Steve Jobs was a much, much bigger asshole than that. He would routinely tell his design and marketing teams that he thought they were doing a shitty job. He had a bit of a temper, too, so it was not unusual for him to swear a blue streak in meetings and get furiously angry.
But he got shit done.
There are other examples that I can give you from my time in banking. The name “Sam Wisnia” doesn’t mean much to most people, but for a while he was the head of Fixed Income trading at a certain large European investment bank. He made a bit of a name for himself early on in his career at BNP Paribas by standing up in a meeting of quants and telling everyone there that one of their pricing models was wrong.
Bear in mind, he was the most junior guy in the room. The guy has a serious pair of brass balls on him.
I actually met him, once, very briefly. I was sitting in his office chatting with someone from the desk about something related to the business – office space on a trading floor is at a premium because everyone sits on open-plan desks, so when you find an unused office, you use it – and he walked back in from one of his meetings. Given that he was the head of FICC at the time, I made myself scarce in a hurry – from his point of view, I was just some junior twerp from Finance, after all – but before I left, my contact introduced me to him.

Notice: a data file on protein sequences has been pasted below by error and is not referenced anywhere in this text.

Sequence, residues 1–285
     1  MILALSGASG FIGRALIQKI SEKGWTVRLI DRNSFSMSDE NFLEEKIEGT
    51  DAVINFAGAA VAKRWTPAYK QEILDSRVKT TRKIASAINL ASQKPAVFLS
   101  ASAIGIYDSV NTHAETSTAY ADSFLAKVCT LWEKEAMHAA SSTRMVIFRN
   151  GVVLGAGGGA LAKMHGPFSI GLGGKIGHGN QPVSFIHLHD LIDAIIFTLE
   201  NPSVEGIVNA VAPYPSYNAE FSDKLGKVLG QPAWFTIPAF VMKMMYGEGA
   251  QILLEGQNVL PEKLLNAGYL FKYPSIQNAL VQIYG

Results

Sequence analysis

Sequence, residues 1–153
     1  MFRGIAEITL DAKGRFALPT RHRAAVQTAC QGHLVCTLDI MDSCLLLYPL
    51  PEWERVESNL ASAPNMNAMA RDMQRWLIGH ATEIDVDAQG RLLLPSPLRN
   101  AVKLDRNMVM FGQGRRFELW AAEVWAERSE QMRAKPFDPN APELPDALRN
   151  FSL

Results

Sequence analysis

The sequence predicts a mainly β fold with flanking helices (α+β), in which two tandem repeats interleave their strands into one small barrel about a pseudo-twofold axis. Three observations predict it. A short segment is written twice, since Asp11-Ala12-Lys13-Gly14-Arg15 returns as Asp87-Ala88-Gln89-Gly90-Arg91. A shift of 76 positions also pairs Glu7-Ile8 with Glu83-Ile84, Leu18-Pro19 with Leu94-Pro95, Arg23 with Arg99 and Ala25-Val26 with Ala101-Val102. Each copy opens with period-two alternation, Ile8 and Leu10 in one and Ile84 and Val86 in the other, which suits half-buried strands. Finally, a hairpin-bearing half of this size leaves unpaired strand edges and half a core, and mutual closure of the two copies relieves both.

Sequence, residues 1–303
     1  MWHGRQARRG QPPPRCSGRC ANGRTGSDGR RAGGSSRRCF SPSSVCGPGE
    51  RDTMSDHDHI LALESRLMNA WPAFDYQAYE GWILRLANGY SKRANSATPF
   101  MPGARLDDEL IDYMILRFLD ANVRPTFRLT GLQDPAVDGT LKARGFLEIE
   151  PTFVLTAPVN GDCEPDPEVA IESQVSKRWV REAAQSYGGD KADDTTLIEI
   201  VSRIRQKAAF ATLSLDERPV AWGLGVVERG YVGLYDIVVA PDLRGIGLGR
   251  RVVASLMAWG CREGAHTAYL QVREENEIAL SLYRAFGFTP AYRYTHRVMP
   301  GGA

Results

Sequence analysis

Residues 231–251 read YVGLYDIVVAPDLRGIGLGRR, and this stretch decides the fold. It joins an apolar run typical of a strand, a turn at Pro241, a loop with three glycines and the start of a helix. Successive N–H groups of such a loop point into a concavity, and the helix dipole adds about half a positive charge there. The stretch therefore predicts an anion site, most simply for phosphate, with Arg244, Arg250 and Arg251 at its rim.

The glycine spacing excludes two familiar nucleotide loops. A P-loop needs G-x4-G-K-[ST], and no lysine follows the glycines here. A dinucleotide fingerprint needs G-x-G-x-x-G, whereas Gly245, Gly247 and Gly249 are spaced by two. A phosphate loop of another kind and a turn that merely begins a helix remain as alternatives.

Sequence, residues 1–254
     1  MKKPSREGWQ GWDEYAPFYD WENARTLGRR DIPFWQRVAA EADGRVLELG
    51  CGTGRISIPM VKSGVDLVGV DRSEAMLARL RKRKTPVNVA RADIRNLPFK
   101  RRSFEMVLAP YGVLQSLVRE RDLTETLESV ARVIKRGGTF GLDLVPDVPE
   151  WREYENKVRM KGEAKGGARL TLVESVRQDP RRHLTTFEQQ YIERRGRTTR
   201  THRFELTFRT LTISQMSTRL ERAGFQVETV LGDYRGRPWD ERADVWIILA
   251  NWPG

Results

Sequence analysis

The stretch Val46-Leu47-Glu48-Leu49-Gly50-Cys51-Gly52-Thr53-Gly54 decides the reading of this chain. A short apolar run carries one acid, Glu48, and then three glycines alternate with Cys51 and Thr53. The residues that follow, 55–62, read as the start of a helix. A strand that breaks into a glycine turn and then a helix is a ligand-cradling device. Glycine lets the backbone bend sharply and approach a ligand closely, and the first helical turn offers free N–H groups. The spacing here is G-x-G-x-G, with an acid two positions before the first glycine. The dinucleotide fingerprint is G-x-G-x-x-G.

My recollection of him is that of a very, very cold fish. His smile had no warmth to it at all. But, everyone who has worked with him says that he is a guy who gets things done – and he certainly did, when he was the MFIC. He was the one responsible for putting into place a massive global project to transform the bank’s rickety risk and pricing systems. And, while the execution of that strategy has left much to be desired, the fact is that while he was there, he got things done.
But boy did he piss off a lot of people while he did it.
Other examples that come to mind are Generals George S. Patton and Douglas Macarthur, whose abrasive behaviour and lack of interest in social niceties cost them both dearly, especially the latter; Jon “Bones” Jones, whose antics make people love and loathe him in equal measure, but whose skill as a fighter is unquestionable; and of course Arnold Schwarzenegger, whose legend grows longer with every retelling of his accomplishments as a powerlifter, a bodybuilder, an actor, and a politician.
Note that all of these assholes have a real charisma and power about them. That’s the key to being a successful asshole. You have to have charisma – if you don’t, you’re just a jerk with no redeeming qualities. And you have to deliver. If you don’t, then you will be seen (rightly) as “glibidinous” – which is to say, all talk, no action.
It is easy to be a jerk. It is hard to be a competent asshole.
Now, I do not argue that you should insult your coworkers and colleagues, or have a low level of emotional intelligence. I can personally attest to how much that lack of emotional sensitivity and awareness can cost a man in a professional environment.
I do, however, think that a certain… shall we say, flexibility with respect to the idea of “doing it this way because we’ve always done it this way” is not only healthy but necessary.
Far too many organisations become sclerotic and ossified because they hire people who slavishly follow the corporate line, instead of thinking for themselves. An organisation that eschews risk and innovation is inevitably going to find itself made obsolete very, very quickly. And history tells us that the people who are the first to see stupid nonsense, call it out, and propose and implement solutions to the same, are the ones who drive organisations forward fastest and most effectively.